Why the meltdown in support for the GOP among Asian Americans? A lot of reasons, but at the top of the list is the same one that has turned off Latino voters: The insensitive language (“self-deportation,” anyone?) minorities hear from Republican presidential candidates, and their backers like Arizona Sheriff Joe Arpaio. Most Asian Americans got here through immigration at some time or another – two of three are foreign-born. So even though Republicans may have brown faces wading across the Rio Grande in mind when they bash immigrants, it also does not set well with Asians, either.
In addition, some GOP candidates have engaged in stupid, mocking racial stereotyping of Asians. Failed Michigan U.S. Senate candidate Pete Hoekstra, for example, ran an ad during the Super Bowl last year that showed an Asian woman on a bicycle purportedly in some faraway rice field, thanking Hoekstra’s opponent, Sen. Debbie Stabenow, in broken English for weakening the U.S. economy so “ours get stronger.” The ad was designated one of the worst ads of 2012 by The Washington Post’s Chris Cillizza, and caused a major backlash among Asian groups. Even the American actress who was used in the ad publicly apologized for allowing herself to be used in such a fashion.
Also, unlike Latinos, who are overwhelmingly Roman Catholic, with many of those who are not Catholic joining evangelical denominations, other than Filipinos (who are overwhelmingly Catholic), most Asians do not come from Christian countries, but rather places dominated by Buddhism, Hinduism, Daoism, Shintoism, Sikhism, Islam and other non-Western faiths. Hence, the GOP emphasis on the United States being a “Christian country” and talking about “Christian roots” and “our Christian forefathers” sounds exclusionary and biased to a lot of Asian ears. Keep God on our currency, as Romney promised? There is no god in Buddhism, Shintoism or Daoism, and although Sikhs are monotheistic, the amorphous deity they revere would not be recognizable to any Christian.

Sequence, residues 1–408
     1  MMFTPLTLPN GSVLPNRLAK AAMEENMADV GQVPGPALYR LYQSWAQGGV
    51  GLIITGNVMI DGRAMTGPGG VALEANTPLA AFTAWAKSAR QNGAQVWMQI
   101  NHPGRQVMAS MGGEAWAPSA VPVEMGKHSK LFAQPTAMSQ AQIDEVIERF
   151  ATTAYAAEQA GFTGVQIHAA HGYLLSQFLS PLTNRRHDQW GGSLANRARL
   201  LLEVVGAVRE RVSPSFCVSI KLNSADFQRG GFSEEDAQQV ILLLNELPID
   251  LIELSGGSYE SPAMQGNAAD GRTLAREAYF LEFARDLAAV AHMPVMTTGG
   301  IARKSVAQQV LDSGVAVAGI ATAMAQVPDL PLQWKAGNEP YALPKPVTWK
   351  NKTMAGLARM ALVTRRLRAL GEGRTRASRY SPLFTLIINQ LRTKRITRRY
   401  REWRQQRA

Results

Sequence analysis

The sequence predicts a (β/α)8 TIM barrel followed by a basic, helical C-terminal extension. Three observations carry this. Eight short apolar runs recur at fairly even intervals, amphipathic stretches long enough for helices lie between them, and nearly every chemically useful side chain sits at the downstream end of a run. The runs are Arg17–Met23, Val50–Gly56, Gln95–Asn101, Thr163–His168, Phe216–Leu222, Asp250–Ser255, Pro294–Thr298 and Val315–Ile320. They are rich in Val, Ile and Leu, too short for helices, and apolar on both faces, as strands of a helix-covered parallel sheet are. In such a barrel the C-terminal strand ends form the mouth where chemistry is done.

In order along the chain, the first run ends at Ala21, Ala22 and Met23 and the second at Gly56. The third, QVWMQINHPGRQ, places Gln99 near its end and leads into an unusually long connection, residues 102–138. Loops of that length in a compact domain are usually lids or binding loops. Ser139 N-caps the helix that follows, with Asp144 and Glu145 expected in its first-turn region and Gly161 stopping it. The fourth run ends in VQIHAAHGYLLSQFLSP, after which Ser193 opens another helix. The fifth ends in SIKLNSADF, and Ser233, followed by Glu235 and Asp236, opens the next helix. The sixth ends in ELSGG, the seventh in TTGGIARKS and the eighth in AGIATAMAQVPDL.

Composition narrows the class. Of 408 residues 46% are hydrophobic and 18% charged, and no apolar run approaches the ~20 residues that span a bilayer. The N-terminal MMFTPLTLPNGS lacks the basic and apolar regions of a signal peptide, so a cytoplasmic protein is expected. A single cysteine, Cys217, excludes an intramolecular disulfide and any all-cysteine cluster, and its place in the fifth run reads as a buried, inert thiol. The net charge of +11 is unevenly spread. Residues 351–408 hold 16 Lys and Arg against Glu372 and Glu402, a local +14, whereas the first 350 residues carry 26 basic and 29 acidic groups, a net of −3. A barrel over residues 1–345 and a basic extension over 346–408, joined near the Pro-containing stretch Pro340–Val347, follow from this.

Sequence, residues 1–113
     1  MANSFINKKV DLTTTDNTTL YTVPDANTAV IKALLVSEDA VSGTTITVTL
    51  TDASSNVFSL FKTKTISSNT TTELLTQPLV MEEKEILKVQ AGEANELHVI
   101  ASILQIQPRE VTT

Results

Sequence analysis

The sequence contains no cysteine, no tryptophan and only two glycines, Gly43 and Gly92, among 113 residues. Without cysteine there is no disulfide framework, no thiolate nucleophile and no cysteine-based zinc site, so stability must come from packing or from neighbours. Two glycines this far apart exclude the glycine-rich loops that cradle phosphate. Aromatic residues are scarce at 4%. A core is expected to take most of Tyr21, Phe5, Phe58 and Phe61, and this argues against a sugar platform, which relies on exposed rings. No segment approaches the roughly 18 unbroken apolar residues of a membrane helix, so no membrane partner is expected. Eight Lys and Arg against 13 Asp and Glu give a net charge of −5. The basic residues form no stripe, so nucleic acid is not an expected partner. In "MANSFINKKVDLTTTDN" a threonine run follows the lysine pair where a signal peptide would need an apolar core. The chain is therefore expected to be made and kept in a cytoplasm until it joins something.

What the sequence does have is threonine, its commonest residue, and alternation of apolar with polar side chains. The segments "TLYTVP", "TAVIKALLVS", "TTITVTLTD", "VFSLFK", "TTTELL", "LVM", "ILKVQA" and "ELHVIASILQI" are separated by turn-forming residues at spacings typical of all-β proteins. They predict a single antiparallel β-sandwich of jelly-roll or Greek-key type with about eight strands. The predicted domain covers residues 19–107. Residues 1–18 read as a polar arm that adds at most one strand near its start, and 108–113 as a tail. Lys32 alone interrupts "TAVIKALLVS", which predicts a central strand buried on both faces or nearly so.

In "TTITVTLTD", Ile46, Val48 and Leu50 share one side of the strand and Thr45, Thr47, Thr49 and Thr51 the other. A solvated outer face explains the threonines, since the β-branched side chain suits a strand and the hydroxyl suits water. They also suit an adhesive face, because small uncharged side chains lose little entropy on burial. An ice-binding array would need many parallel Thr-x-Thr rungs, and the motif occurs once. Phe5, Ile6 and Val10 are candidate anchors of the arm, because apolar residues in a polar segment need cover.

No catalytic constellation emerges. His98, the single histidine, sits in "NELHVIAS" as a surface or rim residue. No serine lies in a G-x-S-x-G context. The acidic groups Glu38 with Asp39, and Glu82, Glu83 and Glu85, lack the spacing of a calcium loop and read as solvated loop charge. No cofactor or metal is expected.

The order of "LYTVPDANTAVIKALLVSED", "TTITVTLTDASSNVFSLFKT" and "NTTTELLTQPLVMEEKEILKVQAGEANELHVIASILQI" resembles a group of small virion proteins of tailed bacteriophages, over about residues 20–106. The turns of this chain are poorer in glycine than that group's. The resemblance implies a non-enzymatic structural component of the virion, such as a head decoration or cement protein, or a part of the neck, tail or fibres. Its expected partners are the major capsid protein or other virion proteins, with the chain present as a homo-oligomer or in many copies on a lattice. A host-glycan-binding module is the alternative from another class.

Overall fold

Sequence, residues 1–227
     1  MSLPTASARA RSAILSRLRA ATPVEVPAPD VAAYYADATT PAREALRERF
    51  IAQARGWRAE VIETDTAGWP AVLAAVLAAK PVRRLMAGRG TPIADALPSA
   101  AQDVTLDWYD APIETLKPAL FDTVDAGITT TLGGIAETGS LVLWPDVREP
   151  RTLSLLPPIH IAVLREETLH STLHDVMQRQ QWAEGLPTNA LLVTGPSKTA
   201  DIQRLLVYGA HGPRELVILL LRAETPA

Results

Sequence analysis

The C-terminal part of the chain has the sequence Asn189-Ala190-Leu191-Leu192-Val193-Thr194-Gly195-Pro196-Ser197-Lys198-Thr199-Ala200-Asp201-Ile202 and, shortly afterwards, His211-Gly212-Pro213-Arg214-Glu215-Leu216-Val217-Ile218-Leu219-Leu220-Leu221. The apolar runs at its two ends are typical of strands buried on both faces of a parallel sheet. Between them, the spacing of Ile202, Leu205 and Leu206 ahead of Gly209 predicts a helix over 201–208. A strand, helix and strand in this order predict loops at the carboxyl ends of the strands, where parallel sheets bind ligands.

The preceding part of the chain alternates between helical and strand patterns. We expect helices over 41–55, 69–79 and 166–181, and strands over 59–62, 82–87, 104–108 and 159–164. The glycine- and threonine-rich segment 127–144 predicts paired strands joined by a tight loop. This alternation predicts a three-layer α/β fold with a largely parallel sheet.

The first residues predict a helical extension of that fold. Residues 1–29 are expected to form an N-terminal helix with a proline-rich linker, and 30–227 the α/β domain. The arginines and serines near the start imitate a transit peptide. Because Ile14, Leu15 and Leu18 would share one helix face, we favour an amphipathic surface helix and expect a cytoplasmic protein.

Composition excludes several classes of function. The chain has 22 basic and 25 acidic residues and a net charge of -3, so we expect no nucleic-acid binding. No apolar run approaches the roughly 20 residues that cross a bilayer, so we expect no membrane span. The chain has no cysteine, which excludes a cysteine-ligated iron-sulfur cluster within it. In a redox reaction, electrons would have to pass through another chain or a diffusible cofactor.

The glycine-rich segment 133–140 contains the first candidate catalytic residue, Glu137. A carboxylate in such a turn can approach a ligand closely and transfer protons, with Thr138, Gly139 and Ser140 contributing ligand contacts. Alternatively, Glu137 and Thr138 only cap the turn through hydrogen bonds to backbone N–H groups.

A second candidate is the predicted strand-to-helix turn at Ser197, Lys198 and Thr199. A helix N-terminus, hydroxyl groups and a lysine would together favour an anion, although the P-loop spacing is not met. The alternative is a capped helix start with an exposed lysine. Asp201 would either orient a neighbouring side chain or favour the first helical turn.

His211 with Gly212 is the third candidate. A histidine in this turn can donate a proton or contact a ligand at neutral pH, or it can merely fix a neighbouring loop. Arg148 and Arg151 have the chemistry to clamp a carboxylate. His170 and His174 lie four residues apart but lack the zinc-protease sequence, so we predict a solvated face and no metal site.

But perhaps the most underrated reason is that the Republican mantra of no-new-taxes, cut-government-to-the-bone simply doesn’t resonate with many Asians. A majority of them, or their families, came from Asian countries with strong central governments, including in some cases Communist dictatorships, military rulers and one-party states.
While some immigrants may have seen their particular form or quality of government as a reason to leave their country of origin, the notion that all government at all levels is bad, that all taxes are bad, and that hands-off, lassez faire policies are always better than government oversight, is simply not a notion they buy into. Here in California in November, for example, 65 percent of Asians voted for the successful tax-increase measure, Proposition 30, placed on the ballot by Gov. Jerry Brown – a much higher percentage than whites or even Latinos.
Obama may have been helped among Asian voters by being the first American president to have lived and attended school in Asia (Indonesia), to have a half-Asian sister and to have had an Asian stepfather. But Democrats scored some other notable successes on Election Day that added to their pantheon of Asian American firsts. Sen. Mazie Hirono of Hawaii is the first Asian American woman in the Senate, along with the first practicing Buddhist. Rep. Tulsi Gabbard is the first Samoan and Hindu in the Congress, while Illinois Rep. Tammy Duckworth is the first Thai American. Rep. Ami Bera from California is only the third Asian Indian elected to Congress (the first also was from California), and California Rep. Mark Takano, the first openly gay Asian member.
So while the Republican pooh-bahs wring their hands and cogitate over how to appeal to and reverse their disastrous performance with Latinos, they have another simmering ethnic crisis on their hands among Asian Americans. They will ignore it at their own peril.
And it’s probably only a matter of time before some nativist, anti-immigrant GOP yahoo refers to it as the “yellow peril.”
Garry South is a long-time Democratic strategist and commentator living in Los Angeles.